Ian Hills said...

Behind all the political excuses there is the stink of corruption.

Labour have imported cheap labour immigrants since Attlee, and the Tories too, obviously in return for bribes.

Forget all the hype about benefits - most immigrants are working, and it's working people who pay the benefit bill anyway.

Big firms have loopholes, bought from those same politicians.

Sackerson said...

Raedwald, what you say seems intuitively right but the stats say otherwise. With the odd hiccup, both GDP and GDP-per-capita increased up to the 2008 financial collapse, also the Gini index has reduced slightly since (the story seems to be that in a poorer economy there is more equality, as it was here in the 1970s). GDP has gone down because of the b----y banks, and so has fixed capital formation. Seems the financial sector is more to blame than immigration from those points of view.

Also we have to remember that our national enthusiasm for responsibility-free intercourse has led to the butchering of millions of unborn children since 1967 (latterly female-child-focused, it seems), plus declining fertility because of contraception. The foreign workers are, to some extent, filling a demographic gap created by sterile, murderous British selfishness.

Up to the GFC there is a pattern of increasing income inequality, and the higher up the scale the wider the divergence. This is to be expected becasue those who have more disposable income will invest more and so increase their income and wealth further. However, median wages in the UK have not stalled as in the USA, where middle earners' real wage rates have stood still since the 1970s. This may be because our tax and benefit system redistributes more downwards than in America.

Immigration may create additional strain in (e.g.) the education system, though many immigrants value education highly and push their children to learn and aim high. They will become our doctors and lawyers.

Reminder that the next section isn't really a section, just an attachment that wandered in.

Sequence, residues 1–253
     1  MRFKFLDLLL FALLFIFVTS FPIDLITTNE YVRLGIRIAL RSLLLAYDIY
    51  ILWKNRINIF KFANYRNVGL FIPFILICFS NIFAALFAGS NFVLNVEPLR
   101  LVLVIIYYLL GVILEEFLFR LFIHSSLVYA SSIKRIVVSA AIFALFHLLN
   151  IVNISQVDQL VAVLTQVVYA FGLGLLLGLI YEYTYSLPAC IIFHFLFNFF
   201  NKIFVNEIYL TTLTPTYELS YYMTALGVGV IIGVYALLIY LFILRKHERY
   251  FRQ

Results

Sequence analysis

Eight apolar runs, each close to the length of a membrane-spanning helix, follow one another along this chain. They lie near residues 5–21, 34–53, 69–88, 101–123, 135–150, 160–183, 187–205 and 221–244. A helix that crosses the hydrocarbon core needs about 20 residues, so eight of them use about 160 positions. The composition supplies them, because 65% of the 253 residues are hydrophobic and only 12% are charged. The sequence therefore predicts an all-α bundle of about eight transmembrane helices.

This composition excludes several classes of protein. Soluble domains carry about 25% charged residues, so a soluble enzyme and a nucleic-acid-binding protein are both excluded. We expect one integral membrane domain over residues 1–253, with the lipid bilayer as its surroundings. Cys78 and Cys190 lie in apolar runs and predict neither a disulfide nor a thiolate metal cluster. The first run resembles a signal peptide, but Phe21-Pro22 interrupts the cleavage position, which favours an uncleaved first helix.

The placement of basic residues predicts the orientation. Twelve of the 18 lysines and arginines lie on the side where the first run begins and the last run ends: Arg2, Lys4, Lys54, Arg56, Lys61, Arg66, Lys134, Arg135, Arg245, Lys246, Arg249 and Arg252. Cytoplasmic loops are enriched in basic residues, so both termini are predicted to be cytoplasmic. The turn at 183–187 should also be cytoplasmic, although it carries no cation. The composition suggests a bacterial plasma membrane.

The real national crisis is in the drift from manufacturing to the service sector, and Sir James Goldsmith warned what would happen if GATT went through. We cannot compete in a global economy, and though there are some success stories (e.g. Land Rover here in the Midlands), watch out what happens when the Chinese have learned everything from us that they need to know.

The Asians I know dislike the weirdy-beardies as much as the rest of us. What we have in the Brit Taliban element is what we had to beat off in the 17th century, i.e. Puritans.

Wish I had time to show the graphs etc but I have a job to go to tomorrow.

Fraternally,

Sackerson

Umbongo said...

Sackerson is, IMHO, being rather obtuse here.

The point our host, I think, seeks to make is that the contribution of immigrants - as measured in GDP/capita - over the period since 1997 is, more or less, nothing and probably negative.

That the UK's aggregate GDP/capita grew over the same period is either beside the point or, more interestingly, begs the question concerning the reality of that growth.

This briefing paper from Migration Watch illustrates the cost - or rather the lack of economic benefit - of the Labour immigration policy.

Sackerson said...

Umbongo, I thought addressing the facts was acute rather than obtuse, and the right angle to take.

Low paid workers are going to be a net negative anyway, whether indigenous or imported. Question is, why couldn't we get the former working?